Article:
Can a new friendship survive when one person is private about finances, but the other asks questions and shares intimately about her own financial life?
t Dear Amanda:
t I recently moved to a new city, and there is a woman at work with whom I’ve become good friends. But there is one thing she does that drives me crazy. If I compliment her on something she’s wearing, she’ll immediately tell me how much she paid for it. Or if she likes something I’m wearing she’ll ask how much it cost. Once she and I hung out at my house and I swear it was like she was taking inventory of the place. I really do like her, so I would like to work this out. Is there a way for me to calm down, or should I tell her to knock it off?
t Dear Private:
t While I’m sympathetic that you are annoyed by your friend’s level of financial frankness, it’s hard to tell from your letter whether this is her quirk or yours.
t Bear with me: Different people have different levels of comfort when it comes to communication around money. Some families and some cultures make all expression equal transgression. Mentioning money, asking personal questions about it, or discussing the price of something would be like, well, any of those unmannerly behaviors we’re socialized out of doing in front of people.
t But other groups use money talk as a bonding exercise. When you mention the price of something, you are inviting the other person to share their own feelings and thoughts about value, or the thrill of a good deal, or a helpful resource.
t Money talk is a way of establishing “are we the same or are we different?” In a sense, that’s what most purely social communication is about. Your friend’s behavior is establishing this on two levels. On one, she’s seeing whether you like the same things, can afford the same lifestyle, and are compatible in your tastes, values and aesthetic expressions. Since you otherwise like her and mentioned giving her compliments, I’m guessing that there are many things on this level that you do have in common.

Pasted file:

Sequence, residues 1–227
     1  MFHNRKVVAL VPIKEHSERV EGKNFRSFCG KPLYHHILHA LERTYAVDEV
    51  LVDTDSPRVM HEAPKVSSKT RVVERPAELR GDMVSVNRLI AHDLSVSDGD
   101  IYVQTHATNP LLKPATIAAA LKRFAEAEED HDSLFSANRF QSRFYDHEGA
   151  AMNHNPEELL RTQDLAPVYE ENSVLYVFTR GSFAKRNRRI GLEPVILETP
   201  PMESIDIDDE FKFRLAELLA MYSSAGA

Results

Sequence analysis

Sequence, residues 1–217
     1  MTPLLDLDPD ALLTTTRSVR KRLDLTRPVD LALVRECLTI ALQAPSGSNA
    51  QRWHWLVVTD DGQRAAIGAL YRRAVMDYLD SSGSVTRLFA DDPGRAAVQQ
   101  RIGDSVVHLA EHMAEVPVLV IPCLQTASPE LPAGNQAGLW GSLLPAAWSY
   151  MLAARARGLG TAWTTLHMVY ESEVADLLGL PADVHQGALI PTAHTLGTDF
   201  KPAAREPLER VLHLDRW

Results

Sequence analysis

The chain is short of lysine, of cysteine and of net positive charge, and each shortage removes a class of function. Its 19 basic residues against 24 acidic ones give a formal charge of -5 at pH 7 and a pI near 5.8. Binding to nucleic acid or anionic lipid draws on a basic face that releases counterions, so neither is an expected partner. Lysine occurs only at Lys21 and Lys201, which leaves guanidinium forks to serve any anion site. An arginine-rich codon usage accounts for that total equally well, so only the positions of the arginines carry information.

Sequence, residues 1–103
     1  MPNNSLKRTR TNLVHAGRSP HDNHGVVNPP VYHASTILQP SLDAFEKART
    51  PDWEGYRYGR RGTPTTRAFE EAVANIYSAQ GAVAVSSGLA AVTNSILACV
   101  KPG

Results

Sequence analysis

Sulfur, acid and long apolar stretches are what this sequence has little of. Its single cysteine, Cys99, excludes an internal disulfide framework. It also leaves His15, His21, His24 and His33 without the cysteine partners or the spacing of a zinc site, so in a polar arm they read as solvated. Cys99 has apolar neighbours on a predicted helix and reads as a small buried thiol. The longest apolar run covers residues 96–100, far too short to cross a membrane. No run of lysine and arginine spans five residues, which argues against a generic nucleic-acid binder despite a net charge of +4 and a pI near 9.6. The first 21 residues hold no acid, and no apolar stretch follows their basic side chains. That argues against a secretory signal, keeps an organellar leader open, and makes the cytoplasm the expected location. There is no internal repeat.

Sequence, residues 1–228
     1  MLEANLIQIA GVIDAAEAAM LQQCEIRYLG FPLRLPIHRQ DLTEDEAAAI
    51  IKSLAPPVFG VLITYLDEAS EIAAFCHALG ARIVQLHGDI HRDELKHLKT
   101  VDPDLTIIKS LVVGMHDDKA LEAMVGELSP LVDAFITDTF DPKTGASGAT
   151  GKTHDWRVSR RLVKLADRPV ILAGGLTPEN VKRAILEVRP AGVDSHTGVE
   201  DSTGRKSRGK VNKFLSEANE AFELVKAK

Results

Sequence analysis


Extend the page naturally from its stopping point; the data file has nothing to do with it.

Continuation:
t On level two, the “Different!” alarm is blaring. With her blunt comments and questions, she is showing you that she is completely comfortable with money talk. Again, maybe she is a true outlier on this and her interest in your personal financial life is legitimately creepy. Regardless, you need to step up to the communications plate here and let her know what you are comfortable with.
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t Regarding your friend’s questions about how much you paid for something, if your goal is to make your point but keep the relationship intact, then I recommend expressing personal difference as opposed to criticizing her behavior or putting her in the wrong. A vague first answer (“I don’t remember,” or “I don’t think it was much”) is a good place to start. If and when questions persist, be calm but not confrontational. Find language you feel comfortable with, and say something casual like, “I have to tell you it really weirds me out to talk so personally about money. We didn’t do that in my family/where I grew up so it makes me squeamish.” Then change the subject. Next time, do exactly the same thing.
t When it comes to her volunteering details of her own financial life, by responding with a smile and a neutral, “I see,” or “Oh, cool!” you simply show that it’s not a line of discussion on which you care to engage. She may continue or she may take the hint, but hey, it’s a free country. You can’t stop her from sharing what she wants to share.
t Money can be a uniquely sensitive topic, but I would suggest trying not to give this any more weight than you would any other personal difference. Not everyone in your life is going to be exactly the same as you on everything. This person may turn out to be a great friend in spite of differences in your native “financial cultures” or this may be a harbinger of further incompatibility. But having diversity in your personal relationships can be a wonderful way to discover and learn from others who bring a variety of perspectives into your life. Good luck, and I hope it works out!